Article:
Graphics File Mass Reducer & Photoshop Command to Reduce Noise

Howdy Gents,

I’ve had yet another request for module build and had sent me graphics files that are very large in size. They’re also not in the best condition, there’s lots of what would be termed “noise” in the solid colors (in other words they look mottled - Not ideal).

So, this time I’m going to try to cancel the noise and reduce the file sizes.

  1. What specific Photoshop command reduces noise properly?
    [found a few that make a mess of things]

  2. What program or utility can I use to input an entire folder full of graphics files that will reduce them en masse by a single percentage?


For issue 2, if you are comfortable with a command line based program and building batch command files, then Imagemagick is hard to beat.


If you’re looking to clean up scans, the sorts of filters you’re looking for are called things like “Noise Reduction” and “Despeckle” in GIMP. Posterize sometimes also helps with making areas which were solid colored solid colored once again.

What do you mean by “reduce them en masse by a single percentage”?

Brent described the idea about “reducing en masse”. A program where you can drag an entire batch of files and tell the program to reduce them from 100% of their size down to … oh say, 65% of their original size.

The only problem with his suggestion is … I have no idea what a batch command file is.

ImageMagick is here if you want to give it a shot. There’s extensive documentation.

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Photoshop ought to have the ability to do batch operations as well. Check the documentation.

Batch process is pretty simple in photoshop. Maybe better question - why can’t you start with better originals and save the nonsense.


The use of the word NONSENSE is OFFENSIVE.

The art in question is not of my creation. I create ONLY playtest artwork, which automatically means of lower quality and resolution necessary only for testing. Therefore this automatically means that if I receive artwork that is of high resolution, I DID NOT CREATE IT. I can work only with what I am given. Again, your comment was offensive.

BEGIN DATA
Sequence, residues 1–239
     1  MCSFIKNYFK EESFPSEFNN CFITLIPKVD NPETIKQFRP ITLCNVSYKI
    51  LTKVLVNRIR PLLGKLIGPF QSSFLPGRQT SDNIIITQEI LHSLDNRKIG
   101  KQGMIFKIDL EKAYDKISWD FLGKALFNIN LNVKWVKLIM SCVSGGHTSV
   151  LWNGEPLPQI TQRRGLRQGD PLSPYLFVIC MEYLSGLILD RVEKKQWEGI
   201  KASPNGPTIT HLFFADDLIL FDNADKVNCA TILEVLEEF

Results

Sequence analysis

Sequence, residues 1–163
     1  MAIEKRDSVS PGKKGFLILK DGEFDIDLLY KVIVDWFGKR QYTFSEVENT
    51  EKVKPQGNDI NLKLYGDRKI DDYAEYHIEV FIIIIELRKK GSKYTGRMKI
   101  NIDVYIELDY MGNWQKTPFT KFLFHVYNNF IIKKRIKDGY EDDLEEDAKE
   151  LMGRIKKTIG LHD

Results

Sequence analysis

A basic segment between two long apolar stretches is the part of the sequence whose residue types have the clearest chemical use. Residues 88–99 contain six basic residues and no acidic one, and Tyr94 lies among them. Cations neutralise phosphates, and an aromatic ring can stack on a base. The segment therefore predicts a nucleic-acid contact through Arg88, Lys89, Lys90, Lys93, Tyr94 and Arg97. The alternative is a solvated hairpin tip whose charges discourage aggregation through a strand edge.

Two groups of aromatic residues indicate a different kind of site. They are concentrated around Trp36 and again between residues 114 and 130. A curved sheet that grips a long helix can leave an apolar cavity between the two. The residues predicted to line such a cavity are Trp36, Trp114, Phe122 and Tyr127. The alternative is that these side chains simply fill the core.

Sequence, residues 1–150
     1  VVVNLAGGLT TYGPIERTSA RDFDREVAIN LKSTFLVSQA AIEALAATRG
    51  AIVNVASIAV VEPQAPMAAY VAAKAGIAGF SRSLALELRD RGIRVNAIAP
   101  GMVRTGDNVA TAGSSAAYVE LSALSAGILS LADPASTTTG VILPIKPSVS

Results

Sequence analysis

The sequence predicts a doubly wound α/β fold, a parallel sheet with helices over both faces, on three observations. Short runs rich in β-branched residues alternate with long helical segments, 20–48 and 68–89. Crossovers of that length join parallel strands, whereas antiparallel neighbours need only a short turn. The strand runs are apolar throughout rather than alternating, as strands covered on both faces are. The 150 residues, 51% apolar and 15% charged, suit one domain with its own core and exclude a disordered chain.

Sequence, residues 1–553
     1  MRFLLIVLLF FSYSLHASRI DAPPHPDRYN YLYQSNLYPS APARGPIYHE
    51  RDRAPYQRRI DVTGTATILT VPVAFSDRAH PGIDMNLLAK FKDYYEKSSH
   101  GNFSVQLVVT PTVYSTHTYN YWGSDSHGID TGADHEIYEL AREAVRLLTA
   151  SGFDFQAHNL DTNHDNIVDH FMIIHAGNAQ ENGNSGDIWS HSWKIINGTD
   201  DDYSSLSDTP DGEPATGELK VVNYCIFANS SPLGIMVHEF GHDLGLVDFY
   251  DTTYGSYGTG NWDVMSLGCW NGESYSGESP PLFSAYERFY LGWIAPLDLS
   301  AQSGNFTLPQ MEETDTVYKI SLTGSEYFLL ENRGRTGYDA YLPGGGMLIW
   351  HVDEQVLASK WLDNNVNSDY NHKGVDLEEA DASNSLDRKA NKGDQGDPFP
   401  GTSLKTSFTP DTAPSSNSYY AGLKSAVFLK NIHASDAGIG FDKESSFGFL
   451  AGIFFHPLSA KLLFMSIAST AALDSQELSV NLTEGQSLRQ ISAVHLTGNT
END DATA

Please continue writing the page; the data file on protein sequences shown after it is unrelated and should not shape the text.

Hmn. The touchiness of typed exchanges. The nonsense referred to is the need to reprocess the high resolution images. Perhaps the word noise was used incorrectly - but a good high res image will have no noise - and better yet a good vector rather than raster image will be clean and sharp regardless of image size. My suggestion was to avoid reprocessing - but hey its your call - no worries - at no point was I questioning the artwork per se.

If the art you’re starting with is noisy and isn’t a scan, that cries out for an explanation—it’s something there’s no reason for that could be obvious to anyone reading here.

I work with what is provided to me. I don’t ask questions about WHY something is in the condition it’s in. Artists are temperamental. I don’t ask them why.

Imagemagick for batch convert.
Re the ‘noise’ it sounds like you are talking about moire, which is not easy to fix. I usually create a new layer for text, and posterise it, and then apply a gaussian blur to the background.
Photoshop finds it hard to separate black print dots and text…

My old Photoshop has a specific tool for moire, but it’s not really
effective. Unfortunately I may have to return to my tried and true
method, though terribly time consuming … reconstructing the
counters from scratch and saving in png. I had been hoping to find a
simple means of doing it by which I could take an entire counter sheet
and repair everything on it before I cut the counters out one by one.
But I’ve done it before, just repaired/reconstructed anew.

C’est la vie.

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agreed, I spend more time recreating simple counters now than trying to recover poor scans of 70s printing :wink: I’ve done some good versions using the technique above, but its hard work, as it’s not easy to mask black dots with black text

Maybe provide an example image which will exhibit the problem when scaled. We haven’t established what the problem even is yet.